Hey, remember the long-running "CRM theater" show that almost broke the all-time rerun record? The one where a company runs out and buys software, then decides to do CRM? What a tear-jerker.
Finally, we got sick of seeing it. So they rewrote the script. I’m sure you’ve seen the remake. Where the savvy company decides to "do CRM right," so executives reengineer their sales, marketing and customer service processes first, then buy the software? It was supposed to have a happy ending. But it fell flat. Ever wonder why they couldn’t write a happy ending to that script?
Lots of companies were left wondering. But this second set of bad endings shouldn’t have come as such a big surprise.
Here’s the deal. CRM doesn’t involve just marketing, sales and service. It involves the whole business. Yup. Manufacturing, procurement, logistics, warehousing, accounting, billing, even HR sometimes. CRM is an organization-wide belief that affects business process across all functions, not just in the front office. Heck, if all you change is front-office stuff, you become a poster company for Freud’s definition of insanity: doing the same thing over and over again but expecting a different outcome. If the back office doesn’t change, the customer experiences the same stuff, just with front office make-up applied. Trying to mask customer-insensitive operations by dressing up sales, marketing and customer service is like putting lipstick on a pig.
Hear the roar out there? Those are howls of protest from frustrated companies and consultants alike, who think CRM is already too complex, too expensive and too time consuming—without involving the back office. My CRM motto? "Go big or go home." If you’re not going to do what CRM takes, why risk less time and money when you’re likely to get nothing back?
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Want an example of thinking big—and reaping big? Take Ed Phillips & Sons—a relatively small wine and spirits distributor in relatively rural Wisconsin. Several years ago, management took a step toward CRM software, then wisely retreated. Very forward-thinking for the time. Didn’t see how adopting CRM software would provide any customer benefits. Hey, what’s so great about recording in CRM software that this retailer or that ice-fishes? Everyone does up there. That’s when I received a call.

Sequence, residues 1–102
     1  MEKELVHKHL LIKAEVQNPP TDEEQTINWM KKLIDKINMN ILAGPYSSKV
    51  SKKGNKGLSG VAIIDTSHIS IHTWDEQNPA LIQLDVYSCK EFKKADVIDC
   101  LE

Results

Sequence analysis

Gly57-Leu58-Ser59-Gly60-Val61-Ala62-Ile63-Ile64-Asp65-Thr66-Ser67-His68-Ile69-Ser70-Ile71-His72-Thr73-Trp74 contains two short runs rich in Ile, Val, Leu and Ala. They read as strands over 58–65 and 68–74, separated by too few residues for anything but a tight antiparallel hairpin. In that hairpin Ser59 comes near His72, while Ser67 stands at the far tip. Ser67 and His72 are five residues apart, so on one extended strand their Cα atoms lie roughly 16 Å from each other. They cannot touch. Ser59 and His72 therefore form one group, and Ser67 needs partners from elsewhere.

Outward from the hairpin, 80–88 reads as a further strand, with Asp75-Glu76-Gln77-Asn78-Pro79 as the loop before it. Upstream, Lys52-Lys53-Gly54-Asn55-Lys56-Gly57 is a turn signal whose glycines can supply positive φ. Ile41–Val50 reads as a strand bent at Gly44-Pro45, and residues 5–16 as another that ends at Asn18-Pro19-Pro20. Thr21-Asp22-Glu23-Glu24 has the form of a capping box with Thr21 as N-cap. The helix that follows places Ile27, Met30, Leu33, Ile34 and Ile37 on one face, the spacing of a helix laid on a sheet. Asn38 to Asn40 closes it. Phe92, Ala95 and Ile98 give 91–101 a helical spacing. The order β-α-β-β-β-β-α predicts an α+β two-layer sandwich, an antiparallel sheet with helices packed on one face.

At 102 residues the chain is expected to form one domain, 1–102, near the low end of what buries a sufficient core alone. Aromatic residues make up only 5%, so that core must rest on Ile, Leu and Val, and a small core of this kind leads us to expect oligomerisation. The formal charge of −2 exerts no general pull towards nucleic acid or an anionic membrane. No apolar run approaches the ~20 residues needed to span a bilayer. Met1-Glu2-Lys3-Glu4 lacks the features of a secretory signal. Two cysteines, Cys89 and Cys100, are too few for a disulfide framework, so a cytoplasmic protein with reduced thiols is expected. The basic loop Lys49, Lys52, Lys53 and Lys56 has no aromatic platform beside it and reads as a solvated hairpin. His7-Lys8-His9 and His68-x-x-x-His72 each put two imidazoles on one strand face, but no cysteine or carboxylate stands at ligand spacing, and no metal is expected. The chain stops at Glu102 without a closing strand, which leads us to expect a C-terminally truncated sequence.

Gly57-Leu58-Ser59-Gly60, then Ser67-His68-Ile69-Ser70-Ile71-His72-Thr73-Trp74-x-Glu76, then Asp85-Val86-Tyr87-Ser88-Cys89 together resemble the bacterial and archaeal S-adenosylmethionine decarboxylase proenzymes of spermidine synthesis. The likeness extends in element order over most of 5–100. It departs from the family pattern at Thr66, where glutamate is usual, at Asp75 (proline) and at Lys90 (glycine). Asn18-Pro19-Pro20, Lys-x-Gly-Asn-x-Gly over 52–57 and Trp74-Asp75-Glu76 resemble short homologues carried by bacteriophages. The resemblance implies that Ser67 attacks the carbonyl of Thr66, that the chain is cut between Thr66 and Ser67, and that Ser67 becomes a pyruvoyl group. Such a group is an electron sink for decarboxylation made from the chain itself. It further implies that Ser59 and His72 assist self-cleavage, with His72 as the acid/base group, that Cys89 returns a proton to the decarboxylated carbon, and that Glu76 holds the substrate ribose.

Before long, we had validated strategies and were combing through business processes for the entire operation, back office and front office. Looking at front office and back office together revealed many ways to add value to customers—such as increasing order accuracy; having field sales know warehouse inventory levels; giving sales time to discuss and plan orders with retailers, instead of reserving every second available for writing up and submitting orders; clearing up billing problems on the spot; sharing information and visuals about upcoming deals and promotions; projecting needs based on historical shelf turns; and on and on.
Know what? Not one of these benefits could be delivered by reengineering front office business processes alone. Nor, for that matter, could they be delivered using front-office, CRM software alone.
What type of ending did this CRM episode have? A very, very happy one. Not only did the Phillips crew deliver more wine and spirits to retailers, but also it delivered more value.
Yes, the implementation was complex—and got a little messy. Thankfully, local consulting firm Wipfli did yeoman work in melding a new, Great Plains back office system that talks to a specially configured Siebel 6 system that’s augmented by bar code scanners hooked to HP iPaqs, which run custom software that feeds orders to Siebel, which uploads orders to Great Plains at every store—with Great Plains updating Siebel clients overnight with accounting and shipping data. And there’s no high-speed access in the field; 56K modems do the job just fine by day, while everyone high-speed syncs from home or office at night.
Simple, quick, easy and budget-priced? Hell no. Pretty complex, actually. But know what? Business is complex. And when you simplify business to keep CRM simple—and quick, easy and low-cost—you don’t get the benefits. So why do it?
When you think about CRM, think, "Go big or go home."